In one of the most thoughtful Vietnam-era accounts written by a senior military officer, Gen. Bruce Palmer once observed, “With respect to Vietnam, our leaders should have known that the American people would not stand still for a protracted war of an indeterminate nature with no foreseeable end to the U.S. commitment.”

General Palmer thereby distilled into a single sentence the central lesson of Vietnam: to embark upon an open-ended war lacking clearly defined and achievable objectives was to forfeit public support, thereby courting disaster. The implications were clear: never again.

Palmer’s book, which he titled The Twenty-Five Year War, appeared in 1984. Today, exactly 25 years later, we once again find ourselves mired in a “protracted war of an indeterminate nature with no foreseeable end to the U. S. commitment.” It’s déjà vu all over again. How to explain this astonishing turn of events?

In the wake of Vietnam, the officer corps set out to preclude any recurrence of protracted, indeterminate conflict. The Armed Forces developed a new American way of war, emphasizing advanced technology and superior skills. The generals were by no means keen to put these new methods to the test: their preference was for wars to be fought infrequently and then only in pursuit of genuinely vital interests. Yet when war did come, they intended to dispatch any adversary promptly and economically, thereby protecting the military from the possibility of public abandonment. Finish the job quickly and go home: this defined the new paradigm to which the lessons of Vietnam had given rise.

In 1991, Operation Desert Storm seemingly validated that paradigm. Yet events since 9/11, in both Iraq and Afghanistan, have now demolished it. Once again, as in Vietnam, the enemy calls the tune, obliging American soldiers to fight on his terms. Decision has become elusive. Costs skyrocket and are ignored. The fighting drags on. As it does so, the overall purpose of the undertaking—other than of avoiding the humiliation of abject failure—becomes increasingly difficult to discern.

The dirty little secret to which few in Washington will own up is that the United States now faces the prospect of perpetual conflict. We find ourselves in the midst of what the Pentagon calls the “Long War,” a conflict global in scope (if largely concentrated in the Greater Middle East) and expected to outlast even General Palmer’s “Twenty-Five Year War.” The present generation of senior civilians and officers have either forgotten or inverted the lessons of Vietnam, embracing open-ended war as an inescapable reality.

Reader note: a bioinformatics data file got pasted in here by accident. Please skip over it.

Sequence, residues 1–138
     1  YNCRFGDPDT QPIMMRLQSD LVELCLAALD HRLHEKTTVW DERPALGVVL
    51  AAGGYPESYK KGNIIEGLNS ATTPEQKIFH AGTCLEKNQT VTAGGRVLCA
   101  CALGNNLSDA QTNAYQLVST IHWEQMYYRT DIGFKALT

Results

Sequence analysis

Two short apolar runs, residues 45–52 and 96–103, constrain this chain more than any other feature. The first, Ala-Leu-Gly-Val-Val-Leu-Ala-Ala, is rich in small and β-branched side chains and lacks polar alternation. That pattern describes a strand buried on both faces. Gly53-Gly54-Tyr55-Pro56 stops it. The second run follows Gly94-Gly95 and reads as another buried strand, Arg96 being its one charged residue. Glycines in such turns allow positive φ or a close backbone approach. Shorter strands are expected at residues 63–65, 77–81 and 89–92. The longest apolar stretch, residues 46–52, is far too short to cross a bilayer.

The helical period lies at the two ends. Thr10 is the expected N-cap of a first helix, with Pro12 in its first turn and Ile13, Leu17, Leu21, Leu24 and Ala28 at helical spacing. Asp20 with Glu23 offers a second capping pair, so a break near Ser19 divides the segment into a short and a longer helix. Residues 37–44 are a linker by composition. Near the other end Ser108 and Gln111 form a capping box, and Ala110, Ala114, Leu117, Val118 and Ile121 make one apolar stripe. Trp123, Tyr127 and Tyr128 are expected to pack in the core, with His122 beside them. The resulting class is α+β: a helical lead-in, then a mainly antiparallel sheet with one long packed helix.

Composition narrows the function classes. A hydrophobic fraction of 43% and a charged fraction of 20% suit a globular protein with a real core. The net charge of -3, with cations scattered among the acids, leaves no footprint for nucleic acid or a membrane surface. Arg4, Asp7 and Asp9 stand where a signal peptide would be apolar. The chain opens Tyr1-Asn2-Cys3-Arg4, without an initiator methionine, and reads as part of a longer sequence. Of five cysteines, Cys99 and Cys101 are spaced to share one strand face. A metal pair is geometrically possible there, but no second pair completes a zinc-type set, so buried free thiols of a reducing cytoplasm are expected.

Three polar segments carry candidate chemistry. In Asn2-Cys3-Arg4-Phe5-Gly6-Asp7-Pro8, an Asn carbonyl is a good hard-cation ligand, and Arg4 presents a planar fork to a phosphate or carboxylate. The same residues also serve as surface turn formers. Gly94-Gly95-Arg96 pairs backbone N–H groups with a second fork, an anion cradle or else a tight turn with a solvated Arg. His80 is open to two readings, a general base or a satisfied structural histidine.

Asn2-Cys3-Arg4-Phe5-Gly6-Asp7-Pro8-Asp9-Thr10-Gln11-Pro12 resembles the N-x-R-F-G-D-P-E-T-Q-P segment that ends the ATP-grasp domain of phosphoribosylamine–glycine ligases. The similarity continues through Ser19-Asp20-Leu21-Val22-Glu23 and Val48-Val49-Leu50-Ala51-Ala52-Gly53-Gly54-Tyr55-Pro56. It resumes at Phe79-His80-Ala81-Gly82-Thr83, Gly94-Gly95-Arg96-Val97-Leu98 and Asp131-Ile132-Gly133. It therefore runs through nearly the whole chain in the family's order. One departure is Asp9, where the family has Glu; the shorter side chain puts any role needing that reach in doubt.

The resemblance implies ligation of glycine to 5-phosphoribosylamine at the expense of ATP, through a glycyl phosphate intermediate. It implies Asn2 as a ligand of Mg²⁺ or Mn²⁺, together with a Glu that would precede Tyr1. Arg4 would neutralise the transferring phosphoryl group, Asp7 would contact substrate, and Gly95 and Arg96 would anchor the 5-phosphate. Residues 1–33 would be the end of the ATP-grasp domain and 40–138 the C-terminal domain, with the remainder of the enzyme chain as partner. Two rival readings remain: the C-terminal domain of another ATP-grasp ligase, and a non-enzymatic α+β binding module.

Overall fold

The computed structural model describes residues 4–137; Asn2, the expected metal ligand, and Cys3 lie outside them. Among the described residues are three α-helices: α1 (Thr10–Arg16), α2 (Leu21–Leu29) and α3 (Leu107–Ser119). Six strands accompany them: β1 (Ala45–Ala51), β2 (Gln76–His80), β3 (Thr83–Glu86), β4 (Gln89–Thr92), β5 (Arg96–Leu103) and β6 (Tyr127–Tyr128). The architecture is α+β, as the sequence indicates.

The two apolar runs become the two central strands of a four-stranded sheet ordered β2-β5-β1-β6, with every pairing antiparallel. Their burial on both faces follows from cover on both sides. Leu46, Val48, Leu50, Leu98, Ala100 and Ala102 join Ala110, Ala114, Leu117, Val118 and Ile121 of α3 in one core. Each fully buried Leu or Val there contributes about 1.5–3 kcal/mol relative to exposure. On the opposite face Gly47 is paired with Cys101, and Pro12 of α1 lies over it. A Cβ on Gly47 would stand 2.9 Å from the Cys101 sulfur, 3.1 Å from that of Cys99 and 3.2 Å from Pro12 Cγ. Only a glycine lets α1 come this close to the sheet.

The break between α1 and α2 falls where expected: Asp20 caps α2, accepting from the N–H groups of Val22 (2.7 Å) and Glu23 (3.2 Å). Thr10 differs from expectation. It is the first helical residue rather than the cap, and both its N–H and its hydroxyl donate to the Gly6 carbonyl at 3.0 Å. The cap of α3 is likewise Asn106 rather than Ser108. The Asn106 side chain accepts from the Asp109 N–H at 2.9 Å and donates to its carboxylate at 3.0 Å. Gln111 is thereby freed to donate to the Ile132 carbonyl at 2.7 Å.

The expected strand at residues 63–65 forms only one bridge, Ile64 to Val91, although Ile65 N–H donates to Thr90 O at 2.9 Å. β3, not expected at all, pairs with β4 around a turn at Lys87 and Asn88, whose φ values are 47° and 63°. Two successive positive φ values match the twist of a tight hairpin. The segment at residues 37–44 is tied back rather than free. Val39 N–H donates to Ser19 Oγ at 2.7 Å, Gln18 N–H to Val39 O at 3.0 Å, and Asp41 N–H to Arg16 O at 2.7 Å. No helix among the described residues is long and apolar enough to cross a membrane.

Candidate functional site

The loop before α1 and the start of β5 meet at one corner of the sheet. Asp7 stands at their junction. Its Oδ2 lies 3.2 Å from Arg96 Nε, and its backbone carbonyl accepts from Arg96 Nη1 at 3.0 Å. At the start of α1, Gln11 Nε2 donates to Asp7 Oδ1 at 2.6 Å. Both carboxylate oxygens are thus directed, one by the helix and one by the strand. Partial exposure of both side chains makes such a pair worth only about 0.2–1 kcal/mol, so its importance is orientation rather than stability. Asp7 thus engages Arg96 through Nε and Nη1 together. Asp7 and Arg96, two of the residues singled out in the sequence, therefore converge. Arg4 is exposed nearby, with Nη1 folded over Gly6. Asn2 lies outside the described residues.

To apply to the Long War the plaintive query that Gen. David Petraeus once posed with regard to Iraq—“Tell me how this ends”—the answer is clear: no one has the foggiest idea. War has become like the changing phases of the moon. It’s part of everyday existence. For American soldiers there is no end in sight.

Yet there is one notable difference between today and the last time the United States found itself mired in a seemingly endless war. During the Vietnam era, even as some young Americans headed off to Indochina to fight in the jungles and rice paddies, many other young Americans back on the home front fought against the war itself. More than any other event of the 1960s, the war created a climate of intense political engagement. Today, in contrast, the civilian contemporaries of those fighting in Iraq and Afghanistan have largely tuned out the Long War. The predominant mood of the country is not one of anger or anxiety but of dull acceptance. Vietnam divided Americans; the Long War has rendered them inert.

To cite General Palmer’s formulation, the citizens of this country at present do appear willing to “stand still” when considering the prospect of war that goes on and on. While there are many explanations for why Americans have disengaged from the Long War, the most important, in my view, is that so few of us have any immediate personal stake in that conflict.

When the citizen-soldier tradition collapsed under the weight of Vietnam, the military rebuilt itself as a professional force. The creation of this all-volunteer military was widely hailed as a great success—well-trained and highly motivated soldiers made the new American way of war work. Only now are we beginning to glimpse the shortcomings of this arrangement, chief among them the fact that today’s “standing army” exists at considerable remove from the society it purports to defend. Americans today profess to “support the troops” but that support is a mile wide and an inch deep. It rarely translates into serious or sustained public concern about whether those same troops are being used wisely and well.